All wars are bad

ONE of the first things I did in retirement was to offer to sell Remembrance Day poppies for the Royal British Legion.

One afternoon in early November 2012, my wife and I set up our stall in the foyer of Sainsbury’s supermarket in Swansea.

An international star, who lives in Swansea, was shopping in the store with her mother. They stopped in front of our stall. The poppies, wristbands and other Remembrance Day products were laid out on the table.

“Buy a poppy,” I said. “Wristbands are £2, silk poppies £1, traditional poppies any donation – we don’t mind.”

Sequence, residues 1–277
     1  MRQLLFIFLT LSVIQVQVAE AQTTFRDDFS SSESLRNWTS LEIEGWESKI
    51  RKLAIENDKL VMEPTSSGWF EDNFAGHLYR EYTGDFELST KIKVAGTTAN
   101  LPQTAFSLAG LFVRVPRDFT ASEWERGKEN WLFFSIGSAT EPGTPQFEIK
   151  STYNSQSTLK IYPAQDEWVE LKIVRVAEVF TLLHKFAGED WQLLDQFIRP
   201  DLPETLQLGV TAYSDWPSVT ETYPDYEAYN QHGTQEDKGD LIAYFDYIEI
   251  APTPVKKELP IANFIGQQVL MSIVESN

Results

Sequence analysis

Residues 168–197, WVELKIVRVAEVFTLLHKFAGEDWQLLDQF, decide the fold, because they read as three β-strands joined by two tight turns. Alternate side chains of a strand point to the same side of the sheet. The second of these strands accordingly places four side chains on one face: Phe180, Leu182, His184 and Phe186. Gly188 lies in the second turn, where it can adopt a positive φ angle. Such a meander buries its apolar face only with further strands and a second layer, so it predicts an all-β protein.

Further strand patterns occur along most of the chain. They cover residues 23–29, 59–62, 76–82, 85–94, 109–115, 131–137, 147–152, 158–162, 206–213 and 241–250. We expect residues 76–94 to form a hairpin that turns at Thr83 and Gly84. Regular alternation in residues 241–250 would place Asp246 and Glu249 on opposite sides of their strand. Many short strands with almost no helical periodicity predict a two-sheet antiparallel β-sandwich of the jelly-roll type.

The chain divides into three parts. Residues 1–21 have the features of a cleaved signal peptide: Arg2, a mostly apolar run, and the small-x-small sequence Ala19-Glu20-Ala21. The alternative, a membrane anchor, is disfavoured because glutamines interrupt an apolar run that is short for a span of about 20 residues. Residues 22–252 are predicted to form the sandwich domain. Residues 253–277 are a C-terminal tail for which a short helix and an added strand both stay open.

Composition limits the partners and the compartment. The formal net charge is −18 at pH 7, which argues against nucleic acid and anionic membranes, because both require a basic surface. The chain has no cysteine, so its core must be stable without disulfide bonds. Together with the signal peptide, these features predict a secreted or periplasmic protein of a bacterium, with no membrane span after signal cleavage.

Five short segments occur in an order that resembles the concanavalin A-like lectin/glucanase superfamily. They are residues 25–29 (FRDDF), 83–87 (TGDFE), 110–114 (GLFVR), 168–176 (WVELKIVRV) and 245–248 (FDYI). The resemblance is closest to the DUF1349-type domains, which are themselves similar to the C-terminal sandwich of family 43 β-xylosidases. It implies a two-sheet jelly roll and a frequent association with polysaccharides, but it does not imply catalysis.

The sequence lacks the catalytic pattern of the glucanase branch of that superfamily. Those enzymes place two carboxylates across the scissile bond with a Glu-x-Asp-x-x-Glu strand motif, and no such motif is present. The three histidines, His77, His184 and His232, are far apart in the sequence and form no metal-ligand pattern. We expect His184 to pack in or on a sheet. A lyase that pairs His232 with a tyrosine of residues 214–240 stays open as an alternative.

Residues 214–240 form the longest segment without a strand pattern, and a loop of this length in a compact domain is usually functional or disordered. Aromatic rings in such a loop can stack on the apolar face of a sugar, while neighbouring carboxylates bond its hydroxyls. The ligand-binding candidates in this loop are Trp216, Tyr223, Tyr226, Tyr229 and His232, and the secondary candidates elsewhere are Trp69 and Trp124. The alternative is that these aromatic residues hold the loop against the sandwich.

“£100 will do,” I said, as a joke.

“I usually give £100” she said. And opened her wallet, took out five £20 notes, handed them over, put her wallet away, and left the store.

Without a poppy.

Another woman approached. I’d guess she was in her 60s. She looked at the poppies and wristbands, suspiciously.

“Do you have any white poppies?” she asked.

“I’m afraid not.”

“All wars are bad” she said, and left the store.

Also without a poppy.

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